Fourteen-year-old Leap is an example of what experts believe is the best alternative to putting children into orphanages. Psychologists advocate keeping children with their extended family or in foster families because they see this as the most effective way for a child to develop.
Having lived in an orphanage between the ages of four and nine, Leap now lives with her aunt and uncle through financial sponsorship. Every day she helps them prepare food for their food delivery business and, more importantly for Leap, she is able to go to school. Unlike many teenagers, going to school is the best thing in the world for Leap.
This was not always the case. When in the orphanage, Leap was not allowed to go to school very often. She says the people who ran the centre treated her very badly. She was forced to look after the other children at the orphanage, washing dishes or cooking rice. Sometimes she was made to sleep outside or not given any food if the directors of the orphanage thought that she had not behaved well. If she did not cook the rice properly she was not allowed to go to school. Leap says that, on occasions, she was beaten and threatened with expulsion form the orphanage if she did not do more work for the directors of the orphanage.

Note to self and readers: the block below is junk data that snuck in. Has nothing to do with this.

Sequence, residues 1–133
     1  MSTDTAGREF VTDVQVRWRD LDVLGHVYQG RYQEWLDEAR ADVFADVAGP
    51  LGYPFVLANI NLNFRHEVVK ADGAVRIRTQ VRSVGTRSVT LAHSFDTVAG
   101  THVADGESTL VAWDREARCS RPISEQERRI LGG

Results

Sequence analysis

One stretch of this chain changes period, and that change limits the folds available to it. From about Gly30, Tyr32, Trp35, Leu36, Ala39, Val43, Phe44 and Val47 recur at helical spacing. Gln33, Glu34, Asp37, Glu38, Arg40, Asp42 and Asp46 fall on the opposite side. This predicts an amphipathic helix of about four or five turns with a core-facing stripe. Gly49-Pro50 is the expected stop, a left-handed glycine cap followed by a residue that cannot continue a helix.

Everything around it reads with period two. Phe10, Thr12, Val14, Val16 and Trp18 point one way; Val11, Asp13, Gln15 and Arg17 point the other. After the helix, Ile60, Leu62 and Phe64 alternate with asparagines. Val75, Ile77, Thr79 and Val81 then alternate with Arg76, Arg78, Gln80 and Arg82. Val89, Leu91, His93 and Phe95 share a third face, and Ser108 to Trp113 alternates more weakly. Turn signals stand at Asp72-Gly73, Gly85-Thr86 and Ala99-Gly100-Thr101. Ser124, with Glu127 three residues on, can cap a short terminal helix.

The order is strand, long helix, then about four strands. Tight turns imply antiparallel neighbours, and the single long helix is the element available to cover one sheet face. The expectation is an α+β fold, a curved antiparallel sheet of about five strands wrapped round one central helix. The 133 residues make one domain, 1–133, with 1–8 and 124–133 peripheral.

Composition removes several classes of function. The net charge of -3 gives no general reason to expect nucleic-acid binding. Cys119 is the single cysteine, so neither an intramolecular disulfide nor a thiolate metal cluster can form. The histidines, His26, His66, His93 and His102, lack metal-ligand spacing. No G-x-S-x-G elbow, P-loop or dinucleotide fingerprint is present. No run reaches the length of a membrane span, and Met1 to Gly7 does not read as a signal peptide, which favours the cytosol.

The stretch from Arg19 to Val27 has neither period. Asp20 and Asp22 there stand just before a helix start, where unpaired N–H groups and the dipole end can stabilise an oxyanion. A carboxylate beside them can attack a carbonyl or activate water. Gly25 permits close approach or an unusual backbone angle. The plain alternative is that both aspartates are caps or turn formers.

"My education is very important to me. If I missed a day at school I sat down and cried," says Leap.
After her orphanage was closed down, Leap had no option but to live on the streets. She did not know what to do or who to contact. One of the older children from the orphanage helped find her a job washing dishes. But Leap struggled to survive.
Unknown to Leap, her aunt and uncle were anxiously hunting for her. They had scoured all the roads and markets near to the orphanage, handing out their phone number, desperate for any news. Eventually someone made the connection between Leap and this missing girl and called her uncle.